PLC TRAINING COURSES

COURSE 520: FAULT FINDING: 3 DAYS: Max 8 Candidates

Programmable logic controllers are commonplace in all areas of industry. Accordingly it becomes ever-more important that maintenance personnel should be able to carry out effective fault finding on these systems.

PARTICIPANTS

This course will be invaluable to anyone involved in the maintenance of control systems which incorporate PLCs. Participants should ideally have an understanding of electrical principles.

COURSE PRESENTATION

The emphasis throughout is on useful, practical skills and their application in the context of common industrial situations. Much of the course is given over to ‘hands-on’ experience and the maintenance skills that are required when working with PLCs. Comprehensive course notes are provided. The various main PLC manufacturers are represented on the course - Allen Bradley, Siemens, Mitsubishi and Omron. Candidates gain experience of each of these types, and this generic knowledge prepares them to deal with any type of PLC in the future (providing that sufficient help or further training is provided).

COURSE OBJECTIVES

On completion of the course, participants will be able to

Successful completion of the course leads to the award of the Technical Training Solutions competence certificate 520: PLC Fault Finding.

What do candidates on the PLC training course actually do?

Candidates on the Fault Finding PLC course begin by learning about the programming languages used with PLCs and the typical applications they are put to. They then look at the various expansion modules, wiring and connections typically found. This is all done without getting involved in the internal PLC architecture, boolean logic principles or number system theories: We don't feel that these subjects are appropriate to candidates who are learning about maintenance of PLC systems.

A few of the early pages from the course notes give an indication of this approach:

Page 10 of the PLC training courses notes, describing the various languages used to communicate with PLCs Page 15 of the PLC training courses notes, one of the example applications explaining how PLCs are used in industrial control systems Page 29 of the PLC training courses notes, providing examples of the input and output modules that industrial PLCs employ and how they would be connected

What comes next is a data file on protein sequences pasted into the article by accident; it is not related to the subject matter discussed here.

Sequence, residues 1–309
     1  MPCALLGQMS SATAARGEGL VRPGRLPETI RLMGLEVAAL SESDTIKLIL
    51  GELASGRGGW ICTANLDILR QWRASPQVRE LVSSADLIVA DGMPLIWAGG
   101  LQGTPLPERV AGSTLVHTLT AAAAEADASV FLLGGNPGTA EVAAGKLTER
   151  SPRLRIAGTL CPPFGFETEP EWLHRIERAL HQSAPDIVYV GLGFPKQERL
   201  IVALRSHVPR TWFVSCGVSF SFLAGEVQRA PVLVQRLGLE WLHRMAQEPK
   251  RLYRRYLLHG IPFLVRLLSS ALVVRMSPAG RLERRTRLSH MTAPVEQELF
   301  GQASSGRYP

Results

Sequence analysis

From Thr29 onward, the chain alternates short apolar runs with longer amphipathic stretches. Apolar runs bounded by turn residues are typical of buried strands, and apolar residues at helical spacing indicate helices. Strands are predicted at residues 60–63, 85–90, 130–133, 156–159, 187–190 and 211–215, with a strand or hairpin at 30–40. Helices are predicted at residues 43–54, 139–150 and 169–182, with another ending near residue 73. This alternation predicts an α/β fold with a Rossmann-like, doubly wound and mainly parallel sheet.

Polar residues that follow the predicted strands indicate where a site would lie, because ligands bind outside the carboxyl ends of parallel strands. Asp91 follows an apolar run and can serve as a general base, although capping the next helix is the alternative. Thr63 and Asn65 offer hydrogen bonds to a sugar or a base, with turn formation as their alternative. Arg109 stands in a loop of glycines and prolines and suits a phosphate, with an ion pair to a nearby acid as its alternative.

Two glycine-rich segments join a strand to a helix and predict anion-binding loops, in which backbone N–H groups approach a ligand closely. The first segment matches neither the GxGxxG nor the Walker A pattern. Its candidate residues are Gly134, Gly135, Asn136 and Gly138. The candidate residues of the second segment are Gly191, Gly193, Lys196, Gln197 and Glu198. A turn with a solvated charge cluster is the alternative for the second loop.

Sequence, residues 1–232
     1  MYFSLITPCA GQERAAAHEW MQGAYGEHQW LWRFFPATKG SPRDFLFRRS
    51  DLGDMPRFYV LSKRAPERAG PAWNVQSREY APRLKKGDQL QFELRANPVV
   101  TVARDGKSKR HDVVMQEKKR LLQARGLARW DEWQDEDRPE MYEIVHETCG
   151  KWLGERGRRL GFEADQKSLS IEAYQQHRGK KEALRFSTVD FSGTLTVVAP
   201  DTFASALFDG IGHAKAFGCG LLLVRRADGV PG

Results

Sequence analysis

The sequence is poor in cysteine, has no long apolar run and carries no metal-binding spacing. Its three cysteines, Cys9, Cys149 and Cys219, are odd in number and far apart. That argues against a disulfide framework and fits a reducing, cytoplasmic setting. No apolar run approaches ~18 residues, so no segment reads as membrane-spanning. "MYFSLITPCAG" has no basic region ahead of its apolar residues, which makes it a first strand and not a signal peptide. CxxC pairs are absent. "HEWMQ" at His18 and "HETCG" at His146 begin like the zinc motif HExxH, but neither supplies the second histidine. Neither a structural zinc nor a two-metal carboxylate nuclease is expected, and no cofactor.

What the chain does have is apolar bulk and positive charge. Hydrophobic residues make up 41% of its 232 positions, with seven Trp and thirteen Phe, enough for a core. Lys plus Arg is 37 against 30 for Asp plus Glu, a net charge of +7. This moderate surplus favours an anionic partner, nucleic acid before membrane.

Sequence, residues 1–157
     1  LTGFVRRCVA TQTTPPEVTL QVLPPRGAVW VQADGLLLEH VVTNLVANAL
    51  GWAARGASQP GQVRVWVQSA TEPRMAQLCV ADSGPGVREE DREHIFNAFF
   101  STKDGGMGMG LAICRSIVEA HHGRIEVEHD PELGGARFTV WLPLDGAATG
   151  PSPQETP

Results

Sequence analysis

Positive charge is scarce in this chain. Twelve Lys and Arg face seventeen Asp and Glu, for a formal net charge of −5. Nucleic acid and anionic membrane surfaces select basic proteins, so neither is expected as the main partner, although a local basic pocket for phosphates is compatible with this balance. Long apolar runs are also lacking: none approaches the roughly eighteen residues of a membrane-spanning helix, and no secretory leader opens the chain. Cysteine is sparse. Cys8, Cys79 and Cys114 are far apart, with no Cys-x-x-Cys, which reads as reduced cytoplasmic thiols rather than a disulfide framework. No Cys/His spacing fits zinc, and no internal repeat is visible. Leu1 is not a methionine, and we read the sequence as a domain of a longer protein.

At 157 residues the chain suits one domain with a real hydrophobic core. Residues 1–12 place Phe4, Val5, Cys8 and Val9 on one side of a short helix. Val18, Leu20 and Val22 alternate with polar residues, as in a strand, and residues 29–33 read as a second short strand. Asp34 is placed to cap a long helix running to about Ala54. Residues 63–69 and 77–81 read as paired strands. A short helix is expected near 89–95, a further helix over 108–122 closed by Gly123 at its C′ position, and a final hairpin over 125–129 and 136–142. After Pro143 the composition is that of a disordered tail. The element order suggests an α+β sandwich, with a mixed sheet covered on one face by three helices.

Page 10 of the PLC training courses notes, describing the various languages used to communicate with PLCs

Page 15 of the PLC training courses notes, one of the example applications explaining how PLCs are used in industrial control systems

Page 29 of the PLC training courses notes, providing examples of the input and output modules that industrial PLCs employ and how they would be connected

We then introduce our specially-designed industrial simulators which incorporate conveyors, motors, solenoids and industrial sensors to engage the candidates in the complex control issues dealt with by industrial PLCs:

One of the industrial simulators used on the PLC training courses, controlled by the Siemens S7 PLC One of the industrial simulators used on the PLC training courses, controlled by the Mitsubishi FX0 PLC

One of the industrial simulators used on the PLC training courses, controlled by the Siemens S7 PLC

One of the industrial simulators used on the PLC training courses, controlled by the Mitsubishi FX0 PLC

One of the industrial simulators used on the PLC training courses, controlled by the Modicon TSX PLC One of the industrial simulators used on the PLC training courses, controlled by the Allen Bradley SLC 500 PLC

One of the industrial simulators used on the PLC training courses, controlled by the Omron Sysmac CP1E PLC

One of the industrial simulators used on the PLC training courses, controlled by the Allen Bradley SLC 500 PLC

Candidates are then presented with a range of pre-programmed PLCs. These employ complex industrial-style programs. Examples of some of the programs are shown here, extracted from the plc course notes: